• All Celebration residential owners are members of CROA.
  • The primary role of CROA is to ensure compliance with the rules, restrictions, and community-wide standards as outlined in the Declaration of Covenants, Conditions, and Restrictions.
  • Annual dues fund the required administrative and maintenance operations as outlined in the annual CROA budget.
  • CROA is administered by a Board of Directors (elected by a majority of home owners) which meets regularly to conduct general CROA business.
  • CROA holds an annual owners meeting which includes an annual dues and budget review, and residential owners' open disussions of greneral topics pertaining to the residential owners association.
  • CROA is responsible for the maintenance of all its active and passive private parks, such as Lakeside Park, Founder's Park, Heritage Park, North Village Park, East Village Park, and the Artisan Park and Club.

Other Entities in Celebration:

As depicted on the ownership map (click here for a pdf), Celebration includes other areas and entities, including but not limited to the following:

  • Enterprise Community Development District (www.enterprisecdd.org)
  • Celebration Golf
  • Osceola County Schools (K-8, high school, Island Village elementary school)
  • Downtown areas and merchants, businesses, and restaurants
  • Undeveloped land owned by The Celebration Company
  • Conservation areas and jurisdictional wetlands, under the jurisdiction of Reedy Creek Improvement District and South Florida Water Management District
  • Celebration Non-Residential Owners Association ("CNOA")
  • Celebration Joint Committee ("CJC")
  • Celebration Foundation

The Cost of a CDD

The cost to operate a District is borne by those who benefit from its services. Property owners in the District are subject to a non-ad valorem assessment, which may appear on their annual real estate tax bill from the county tax collector and consists of two parts: debt service, and maintenance. The total of both results in the total non-ad valorem assessment included on the annual real estate tax bill. Please note that several earlier bond issues for the District have been paid off, so some residents will only be levied for annual maintenance assessments.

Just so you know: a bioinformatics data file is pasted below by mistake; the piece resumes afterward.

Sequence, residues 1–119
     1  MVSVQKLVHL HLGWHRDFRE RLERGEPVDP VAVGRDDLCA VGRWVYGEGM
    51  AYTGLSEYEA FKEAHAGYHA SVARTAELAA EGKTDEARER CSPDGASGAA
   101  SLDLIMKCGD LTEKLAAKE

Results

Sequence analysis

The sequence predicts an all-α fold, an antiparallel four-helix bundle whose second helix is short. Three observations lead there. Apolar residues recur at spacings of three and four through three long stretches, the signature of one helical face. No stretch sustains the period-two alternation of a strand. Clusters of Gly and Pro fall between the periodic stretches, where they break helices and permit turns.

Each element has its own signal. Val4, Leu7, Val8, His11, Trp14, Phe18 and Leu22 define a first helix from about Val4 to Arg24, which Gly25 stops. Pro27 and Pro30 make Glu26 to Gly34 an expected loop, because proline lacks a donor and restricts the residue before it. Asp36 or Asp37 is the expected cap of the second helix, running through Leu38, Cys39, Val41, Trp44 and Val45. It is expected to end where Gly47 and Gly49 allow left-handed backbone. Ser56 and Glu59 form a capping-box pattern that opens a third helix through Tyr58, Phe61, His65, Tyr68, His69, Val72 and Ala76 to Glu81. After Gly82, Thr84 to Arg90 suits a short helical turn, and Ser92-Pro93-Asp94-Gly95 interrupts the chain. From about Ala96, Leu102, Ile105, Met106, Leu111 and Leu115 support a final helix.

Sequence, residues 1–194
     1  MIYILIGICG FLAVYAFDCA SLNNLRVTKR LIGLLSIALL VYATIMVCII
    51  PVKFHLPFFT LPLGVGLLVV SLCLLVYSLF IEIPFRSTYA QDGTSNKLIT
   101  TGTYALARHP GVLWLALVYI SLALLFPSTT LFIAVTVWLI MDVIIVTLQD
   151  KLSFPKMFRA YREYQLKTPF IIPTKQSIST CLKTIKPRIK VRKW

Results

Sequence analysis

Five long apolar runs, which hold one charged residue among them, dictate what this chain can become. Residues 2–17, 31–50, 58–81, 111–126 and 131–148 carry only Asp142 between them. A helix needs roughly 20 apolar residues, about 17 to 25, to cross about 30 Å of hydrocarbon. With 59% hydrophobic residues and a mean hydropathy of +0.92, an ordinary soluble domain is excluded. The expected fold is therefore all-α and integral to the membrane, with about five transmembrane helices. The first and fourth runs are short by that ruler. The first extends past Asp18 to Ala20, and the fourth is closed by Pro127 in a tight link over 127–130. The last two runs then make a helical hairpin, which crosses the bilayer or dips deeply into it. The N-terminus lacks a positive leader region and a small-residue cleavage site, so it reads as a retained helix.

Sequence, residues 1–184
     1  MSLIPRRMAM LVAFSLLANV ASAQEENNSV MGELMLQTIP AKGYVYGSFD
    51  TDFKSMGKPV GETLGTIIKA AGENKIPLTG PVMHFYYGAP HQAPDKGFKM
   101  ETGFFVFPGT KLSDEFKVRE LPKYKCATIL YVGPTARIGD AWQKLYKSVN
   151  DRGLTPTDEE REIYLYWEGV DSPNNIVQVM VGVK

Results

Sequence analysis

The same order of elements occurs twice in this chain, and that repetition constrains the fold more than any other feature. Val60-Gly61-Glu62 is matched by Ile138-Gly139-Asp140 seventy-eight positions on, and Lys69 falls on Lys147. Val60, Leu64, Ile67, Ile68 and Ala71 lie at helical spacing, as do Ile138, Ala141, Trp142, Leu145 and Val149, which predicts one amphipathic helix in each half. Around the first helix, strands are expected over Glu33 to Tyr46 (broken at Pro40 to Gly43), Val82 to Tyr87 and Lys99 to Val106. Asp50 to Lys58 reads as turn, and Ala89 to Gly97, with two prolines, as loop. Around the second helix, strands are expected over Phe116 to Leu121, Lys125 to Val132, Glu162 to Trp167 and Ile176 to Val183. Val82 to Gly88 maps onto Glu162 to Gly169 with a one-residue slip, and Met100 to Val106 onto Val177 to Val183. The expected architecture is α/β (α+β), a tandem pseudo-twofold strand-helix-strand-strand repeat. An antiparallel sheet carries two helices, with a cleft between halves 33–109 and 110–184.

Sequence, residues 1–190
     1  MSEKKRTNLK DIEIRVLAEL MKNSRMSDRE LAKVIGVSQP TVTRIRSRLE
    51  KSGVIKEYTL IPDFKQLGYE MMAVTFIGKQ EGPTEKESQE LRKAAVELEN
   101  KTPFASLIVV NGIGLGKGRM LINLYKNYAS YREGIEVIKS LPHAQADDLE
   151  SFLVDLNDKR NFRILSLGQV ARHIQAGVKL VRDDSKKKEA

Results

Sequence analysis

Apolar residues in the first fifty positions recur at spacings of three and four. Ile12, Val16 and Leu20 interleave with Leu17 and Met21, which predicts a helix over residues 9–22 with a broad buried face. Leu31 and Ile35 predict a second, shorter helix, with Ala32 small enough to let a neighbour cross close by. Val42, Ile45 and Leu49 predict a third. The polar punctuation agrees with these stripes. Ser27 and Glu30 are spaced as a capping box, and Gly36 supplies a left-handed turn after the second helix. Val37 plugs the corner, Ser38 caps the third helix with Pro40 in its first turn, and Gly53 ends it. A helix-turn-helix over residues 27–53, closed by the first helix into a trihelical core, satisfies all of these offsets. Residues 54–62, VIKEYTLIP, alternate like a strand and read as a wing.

The debt service component is fixed for the term of the bonds (unless lowered through a refinancing), which is required to amortize the debt for the infrastructure and facilities acquired or constructed by the District. The annual debt assessment collected for each property has been determined based upon use and benefit of each parcel. The District has levied a debt assessment against your property that is based on benefit and your pro-rata share of the cost of the public infrastructure and facilities financed by the District. These debt service assessments are fixed over the life of the bonds, and any property owner has the option of paying down this debt assessment early, either in part or in whole, which will either reduce or eliminate the annual debt service levied on the property. For those owners choosing not to paydown their debt assessment early, you will pay this assessment only for the period of time that you own your home or until the final bond payment date, whichever is sooner. If you sell your home before the bonds are paid off, the next owner becomes responsible for paying that property's share of the cost of the infrastructure and facilities. Contact the District Office with questions or for further information on paying down your debt.